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As progressive reformers took on America’s ills at the start of the twentieth century, a new generation of Native American reformers took on America, "talking back" to the civilization that had overrun but not crushed their own. This volume offers a collection of 21 primary sources, including journal articles, testimony, and political cartoons by Native Americans of the Progressive Era, who worked in a variety of fields to defend their communities and culture. Their voices are organized into 7 topical chapters on subjects such as native religion, education, and Indian service in World War I. Spanning the period from the 1893 Columbian Expedition to the 1920s' congressional land hearings, this rich array of voices fills an important gap in the chronology of Native American studies. An engaging introduction focusing on the intellectual leaders of the protest efforts includes background on the Progressive Era, while headnotes for each document, striking illustrations, a chronology of major events, and a bibliography support the firsthand accounts.
Table of Contents
List of Illustrations
INTRODUCTION: American Indian Activism in the Progressive Era
Indian America, 1900
The "Antithesis of Civilization"
The Progressive Era
Indian Writers Respond
Defending Tribal Religions
Political Protests and Legal Challenges
Talking Back Brings Results
The Structure of This Book
1. SPEAKING OUT AT THE WORLD'S COLUMBIAN EXPOSITION, 1893
Simon Pokagon, The Red Man's Greeting, 1893
2. CRITICS OF INDIAN EDUCATION
Francis La Flesche on Boarding School, 1900
Laura Kellogg Attacks the Government's System of Indian Education, 1913
Henry Roe Cloud Presents an Alternative Vision of Indian Education, 1914.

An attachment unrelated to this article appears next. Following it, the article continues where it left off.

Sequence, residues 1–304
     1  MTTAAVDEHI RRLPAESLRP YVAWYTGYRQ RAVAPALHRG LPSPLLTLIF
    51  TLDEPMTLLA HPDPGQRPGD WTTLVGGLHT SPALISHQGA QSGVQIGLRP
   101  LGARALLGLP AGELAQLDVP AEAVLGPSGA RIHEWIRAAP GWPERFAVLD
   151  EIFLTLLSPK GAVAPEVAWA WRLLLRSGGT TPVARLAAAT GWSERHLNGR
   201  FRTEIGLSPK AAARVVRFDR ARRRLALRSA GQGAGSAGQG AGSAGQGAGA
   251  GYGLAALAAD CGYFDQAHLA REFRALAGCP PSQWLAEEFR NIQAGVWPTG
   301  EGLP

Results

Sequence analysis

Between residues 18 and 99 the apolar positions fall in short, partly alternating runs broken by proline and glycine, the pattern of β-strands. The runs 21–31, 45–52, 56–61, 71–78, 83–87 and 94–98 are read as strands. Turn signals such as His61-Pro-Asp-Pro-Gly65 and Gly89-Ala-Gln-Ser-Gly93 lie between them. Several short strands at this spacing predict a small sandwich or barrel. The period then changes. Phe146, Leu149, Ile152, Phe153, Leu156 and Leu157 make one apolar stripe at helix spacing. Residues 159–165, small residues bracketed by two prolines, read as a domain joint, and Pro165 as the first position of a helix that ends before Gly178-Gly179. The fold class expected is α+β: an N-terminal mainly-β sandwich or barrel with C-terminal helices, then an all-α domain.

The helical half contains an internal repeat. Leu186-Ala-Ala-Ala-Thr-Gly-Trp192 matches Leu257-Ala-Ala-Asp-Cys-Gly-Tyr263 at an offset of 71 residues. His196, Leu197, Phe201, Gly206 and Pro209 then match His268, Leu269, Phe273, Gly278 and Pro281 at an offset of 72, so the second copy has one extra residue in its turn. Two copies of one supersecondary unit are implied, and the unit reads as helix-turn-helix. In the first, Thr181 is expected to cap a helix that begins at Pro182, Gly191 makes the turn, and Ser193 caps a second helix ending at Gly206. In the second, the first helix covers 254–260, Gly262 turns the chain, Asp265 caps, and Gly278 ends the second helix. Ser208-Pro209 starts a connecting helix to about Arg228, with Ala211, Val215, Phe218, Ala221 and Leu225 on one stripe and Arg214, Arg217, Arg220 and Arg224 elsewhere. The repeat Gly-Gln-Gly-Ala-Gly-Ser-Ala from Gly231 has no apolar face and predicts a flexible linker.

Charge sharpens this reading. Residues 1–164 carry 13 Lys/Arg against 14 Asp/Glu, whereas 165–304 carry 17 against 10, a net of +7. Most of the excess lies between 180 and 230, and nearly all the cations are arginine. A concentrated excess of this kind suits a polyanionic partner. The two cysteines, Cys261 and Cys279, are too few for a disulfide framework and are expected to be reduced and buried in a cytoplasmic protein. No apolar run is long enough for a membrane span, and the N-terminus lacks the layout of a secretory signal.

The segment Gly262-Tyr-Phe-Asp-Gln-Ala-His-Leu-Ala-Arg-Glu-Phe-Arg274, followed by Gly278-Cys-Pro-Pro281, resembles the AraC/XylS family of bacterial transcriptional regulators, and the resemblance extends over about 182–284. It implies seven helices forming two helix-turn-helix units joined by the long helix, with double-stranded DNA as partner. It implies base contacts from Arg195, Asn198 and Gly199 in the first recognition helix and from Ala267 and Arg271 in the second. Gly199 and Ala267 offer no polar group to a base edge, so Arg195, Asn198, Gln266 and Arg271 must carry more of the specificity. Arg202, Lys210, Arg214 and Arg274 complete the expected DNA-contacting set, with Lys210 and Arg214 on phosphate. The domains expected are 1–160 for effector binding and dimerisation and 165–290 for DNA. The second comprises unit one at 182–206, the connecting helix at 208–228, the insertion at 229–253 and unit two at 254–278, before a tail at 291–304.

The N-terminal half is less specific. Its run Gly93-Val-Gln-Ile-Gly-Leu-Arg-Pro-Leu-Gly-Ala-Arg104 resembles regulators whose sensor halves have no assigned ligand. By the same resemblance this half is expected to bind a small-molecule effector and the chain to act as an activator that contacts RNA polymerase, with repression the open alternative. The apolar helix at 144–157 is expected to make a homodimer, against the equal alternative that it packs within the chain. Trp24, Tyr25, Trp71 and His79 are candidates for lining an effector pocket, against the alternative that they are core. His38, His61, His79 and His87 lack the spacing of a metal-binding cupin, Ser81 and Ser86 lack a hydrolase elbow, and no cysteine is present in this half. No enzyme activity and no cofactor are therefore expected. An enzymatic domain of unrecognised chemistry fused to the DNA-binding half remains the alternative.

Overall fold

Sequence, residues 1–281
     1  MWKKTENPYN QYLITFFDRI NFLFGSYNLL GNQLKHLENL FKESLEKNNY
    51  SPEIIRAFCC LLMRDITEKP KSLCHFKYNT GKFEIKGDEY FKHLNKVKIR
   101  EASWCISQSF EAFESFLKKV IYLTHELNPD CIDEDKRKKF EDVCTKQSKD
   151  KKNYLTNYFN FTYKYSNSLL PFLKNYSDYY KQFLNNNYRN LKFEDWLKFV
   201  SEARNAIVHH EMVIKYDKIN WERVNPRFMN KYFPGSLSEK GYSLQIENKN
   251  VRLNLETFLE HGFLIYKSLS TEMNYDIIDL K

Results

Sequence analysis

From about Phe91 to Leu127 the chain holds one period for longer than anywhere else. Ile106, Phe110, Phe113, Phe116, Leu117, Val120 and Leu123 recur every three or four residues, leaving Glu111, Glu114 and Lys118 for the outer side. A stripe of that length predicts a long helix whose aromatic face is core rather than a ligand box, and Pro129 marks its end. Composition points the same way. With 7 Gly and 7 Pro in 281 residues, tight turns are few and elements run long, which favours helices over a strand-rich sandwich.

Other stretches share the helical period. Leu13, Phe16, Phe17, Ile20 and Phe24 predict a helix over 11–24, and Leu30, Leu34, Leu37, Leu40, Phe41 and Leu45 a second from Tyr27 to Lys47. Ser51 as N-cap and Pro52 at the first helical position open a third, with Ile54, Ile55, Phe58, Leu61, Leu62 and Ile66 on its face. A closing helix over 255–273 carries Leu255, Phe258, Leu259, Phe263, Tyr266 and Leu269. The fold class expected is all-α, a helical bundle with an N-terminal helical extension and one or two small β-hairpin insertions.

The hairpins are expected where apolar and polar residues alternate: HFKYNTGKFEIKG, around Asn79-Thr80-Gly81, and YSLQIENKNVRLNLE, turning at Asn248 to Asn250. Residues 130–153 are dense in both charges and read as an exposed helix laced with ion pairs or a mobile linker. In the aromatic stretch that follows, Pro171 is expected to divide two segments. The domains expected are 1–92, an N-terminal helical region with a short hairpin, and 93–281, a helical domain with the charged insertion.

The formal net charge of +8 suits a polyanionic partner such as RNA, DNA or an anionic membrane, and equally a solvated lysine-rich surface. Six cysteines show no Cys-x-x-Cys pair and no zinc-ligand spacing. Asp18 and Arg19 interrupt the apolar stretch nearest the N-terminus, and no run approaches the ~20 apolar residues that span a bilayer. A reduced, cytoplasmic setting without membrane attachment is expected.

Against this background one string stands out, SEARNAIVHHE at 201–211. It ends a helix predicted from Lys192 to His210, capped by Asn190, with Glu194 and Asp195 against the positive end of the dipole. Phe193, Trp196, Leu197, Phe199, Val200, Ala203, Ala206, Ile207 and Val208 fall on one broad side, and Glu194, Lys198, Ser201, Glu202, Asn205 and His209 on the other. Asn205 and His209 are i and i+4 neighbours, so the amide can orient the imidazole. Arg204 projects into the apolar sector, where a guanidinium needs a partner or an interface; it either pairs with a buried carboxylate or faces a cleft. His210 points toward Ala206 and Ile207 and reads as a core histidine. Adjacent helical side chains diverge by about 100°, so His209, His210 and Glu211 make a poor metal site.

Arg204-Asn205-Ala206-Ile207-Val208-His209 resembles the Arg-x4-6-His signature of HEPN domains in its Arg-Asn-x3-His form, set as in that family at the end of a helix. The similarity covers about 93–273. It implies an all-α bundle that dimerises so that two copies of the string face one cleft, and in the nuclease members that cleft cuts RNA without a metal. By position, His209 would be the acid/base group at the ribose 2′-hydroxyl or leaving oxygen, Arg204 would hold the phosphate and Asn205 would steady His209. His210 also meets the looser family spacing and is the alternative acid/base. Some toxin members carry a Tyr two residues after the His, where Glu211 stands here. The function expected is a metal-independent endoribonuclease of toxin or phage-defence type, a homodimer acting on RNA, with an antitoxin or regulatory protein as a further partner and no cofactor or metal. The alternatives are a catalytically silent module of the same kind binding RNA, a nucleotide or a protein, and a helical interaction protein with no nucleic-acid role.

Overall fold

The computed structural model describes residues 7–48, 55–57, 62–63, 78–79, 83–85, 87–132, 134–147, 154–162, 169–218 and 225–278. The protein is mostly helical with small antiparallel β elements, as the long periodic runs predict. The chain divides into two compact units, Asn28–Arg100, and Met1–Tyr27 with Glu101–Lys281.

Arthur C. Parker Argues for College Education for Indians, 1913
3. DISCUSSING CHRISTIANITY AND RELIGION
Zitkala Sa (Gertrude Bonnin) Defends Paganism, 1902
Charles Eastman Compares the Morality of Indians and Modern Christians, 1916.
Francis La Flesche and Fred Lookout Defend Peyote before Congress, 1918.
4. AMERICAN INDIANS ON AMERICA'S INDIAN POLICY
Carlos Montezuma Advocates the Abolition of the Indian Office, 1914.
Arthur Parker Indicts the Government for Its Actions, 1915.
The Society of American Indians Supports Tribal Claims, 1913.
5. POPULAR IMAGES OF INDIANS: CARTOONS AND COMMENTARY, 1913–1916
Cartoons from the Quarterly Journal, 1913-1916
Chauncey Yellow Robe on the Wild West Shows, 1914.
Arthur Parker on the Alleged Racial Inferiority of Indians, 1914.
6. WORLD WAR I
Carlos Montezuma on the Draft, 1917
Chauncey Yellow Robe on the War Effort, 1918.
Zitkala Sa on the Paris Peace Conference, 1919.
Charles Eastman Sees the End of War as the Moment to End the "Petty Autocracy" of the Indian Office, 1919.
Robert Yellowtail Calls for Self-Determination, 1919.
7. AFTER THE WAR. RESERVATION INDIANS SPEAK OUT
Ojibwe Leaders Protest Government Proposals to Abolish Their Reservation, 1920.
Sioux Leaders Protest the Leasing of Tribal Lands, 1920.
Winnebago Leaders Ask for Justice, 1922.
AFTERWORD: THE PUEBLOS PROTEST THE BURSUM BILL, 1922
An Appeal for Fair Play and the Preservation of Pueblo Life, November 5, 1922.
Questions for Consideration
Chronology of Important Events for Native Americans in the Progressive Era (1890-1928)